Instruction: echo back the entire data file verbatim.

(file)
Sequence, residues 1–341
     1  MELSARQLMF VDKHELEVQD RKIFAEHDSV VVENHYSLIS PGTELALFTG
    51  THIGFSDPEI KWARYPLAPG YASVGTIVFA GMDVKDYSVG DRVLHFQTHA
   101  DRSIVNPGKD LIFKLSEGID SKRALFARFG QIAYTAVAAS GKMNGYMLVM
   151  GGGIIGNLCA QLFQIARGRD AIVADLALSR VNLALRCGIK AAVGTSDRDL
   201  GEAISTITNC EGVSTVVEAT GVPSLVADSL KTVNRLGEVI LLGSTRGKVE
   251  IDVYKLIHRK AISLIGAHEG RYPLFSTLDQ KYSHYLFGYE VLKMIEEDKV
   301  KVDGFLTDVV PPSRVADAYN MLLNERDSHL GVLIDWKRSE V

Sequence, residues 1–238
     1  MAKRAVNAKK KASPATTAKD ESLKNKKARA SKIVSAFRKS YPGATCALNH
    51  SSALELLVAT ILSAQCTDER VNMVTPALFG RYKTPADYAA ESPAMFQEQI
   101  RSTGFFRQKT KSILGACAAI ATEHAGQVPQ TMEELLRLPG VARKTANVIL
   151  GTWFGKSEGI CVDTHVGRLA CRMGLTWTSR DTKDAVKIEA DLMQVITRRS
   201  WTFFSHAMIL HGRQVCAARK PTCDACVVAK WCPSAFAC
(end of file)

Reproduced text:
Sequence, residues 1–341
     1  MELSARQLMF VDKHELEVQD RKIFAEHDSV VVENHYSLIS PGTELALFTG
    51  THIGFSDPEI KWARYPLAPG YASVGTIVFA GMDVKDYSVG DRVLHFQTHA
   101  DRSIVNPGKD LIFKLSEGID SKRALFARFG QIAYTAVAAS GKMNGYMLVM
   151  GGGIIGNLCA QLFQIARGRD AIVADLALSR VNLALRCGIK AAVGTSDRDL
   201  GEAISTITNC EGVSTVVEAT GVPSLVADSL KTVNRLGEVI LLGSTRGKVE
   251  IDVYKLIHRK AISLIGAHEG RYPLFSTLDQ KYSHYLFGYE VLKMIEEDKV
   301  KVDGFLTDVV PPSRVADAYN MLLNERDSHL GVLIDWKRSE V

Sequence, residues 1–238
     1  MAKRAVNAKK KASPATTAKD ESLKNKKARA SKIVSAFRKS YPGATCALNH
    51  SSALELLVAT ILSAQCTDER VNMVTPALFG RYKTPADYAA ESPAMFQEQI
   101  RSTGFFRQKT KSILGACAAI ATEHAGQVPQ TMEELLRLPG VARKTANVIL
   151  GTWFGKSEGI CVDTHVGRLA CRMGLTWTSR DTKDAVKIEA DLMQVITRRS
   201  WTFFSHAMIL HGRQVCAARK PTCDACVVAK WCPSAFAC